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Food safety in Europe
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Quality Control

Committed to combating contaminants

Safe food often means food that is free of contaminants. Consolidated production and distribution chains filter out sub-standard and contaminated produce. However, they are not perfect and sometimes fail to detect harmful contaminants. Paradoxically, the consequences of such rare breakdowns can be the rapid spread of contaminated food products owing to the interconnectedness of modern supply chains.

This means that it is becoming increasingly important to ensure that contamination does not occur and to detect and react to it rapidly if and when it does.

Pure and simple

The complex web of global supply systems requires stringent quality control at every link in the chain, as well as efficient and effective cross-border co-operation.

EU-backed research aims to improve Europe’s capacity to detect both existing and emerging contaminants, quarantine them, and deal with possible outbreaks.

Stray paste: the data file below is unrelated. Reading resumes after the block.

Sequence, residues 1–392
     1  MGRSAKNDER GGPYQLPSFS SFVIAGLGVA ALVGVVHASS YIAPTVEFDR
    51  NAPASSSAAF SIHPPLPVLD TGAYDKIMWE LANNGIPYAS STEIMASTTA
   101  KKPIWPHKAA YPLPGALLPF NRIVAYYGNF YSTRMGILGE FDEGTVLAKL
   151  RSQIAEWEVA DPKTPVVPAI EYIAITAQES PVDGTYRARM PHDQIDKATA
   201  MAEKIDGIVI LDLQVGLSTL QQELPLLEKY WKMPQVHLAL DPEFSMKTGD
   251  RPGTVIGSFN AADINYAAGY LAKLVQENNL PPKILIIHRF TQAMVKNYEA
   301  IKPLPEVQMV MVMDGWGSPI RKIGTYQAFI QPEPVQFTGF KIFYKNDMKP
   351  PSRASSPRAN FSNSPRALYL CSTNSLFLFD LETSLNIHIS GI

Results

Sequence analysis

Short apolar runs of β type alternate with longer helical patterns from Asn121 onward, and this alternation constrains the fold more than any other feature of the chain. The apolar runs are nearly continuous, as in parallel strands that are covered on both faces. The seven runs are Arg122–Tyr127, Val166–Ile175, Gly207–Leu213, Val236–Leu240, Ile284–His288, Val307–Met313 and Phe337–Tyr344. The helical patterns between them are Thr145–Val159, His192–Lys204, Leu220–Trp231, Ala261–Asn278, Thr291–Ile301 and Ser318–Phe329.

The recently formed European Food Safety Authority seeks to ensure the quality of European food, and Union-funded research is supporting its mission with relevant, state-of-the-art research.

Uniting against chemical disruptors

Understanding the health risks of chemical pollutants in food is a complex, multidisciplinary task, and European research in this important field is currently fragmented. CASCADE aims to integrate efforts from across Europe to build a better understanding of endocrine disrupting chemicals. These affect hormone receptors in the cell nucleus and can have serious effects on physical development and health (for example, that of brain or reproductive functions). The project will also study the biological markers produced in response to them.

Under the CASCADE umbrella, researchers will carry out multidisciplinary investigations spanning such scientific areas as physiology, chemistry and toxicology to tackle the problem on multiple fronts.

Recipes for safe cooking

In 2002, Swedish scientists found disturbingly high levels of a carcinogen called acrylamide in certain cooked foods, including chips and crisps. In response, the EU set up a database on research activities in the field, while the World Health Organisation established an international network of researchers.

The Commission is contributing to this global effort with the three-year HEATOX project which brings together scientists from 14 countries. It aims to help fill the knowledge gap on acrylamide, and to find out about other substances that are formed during the cooking of starchy foods.



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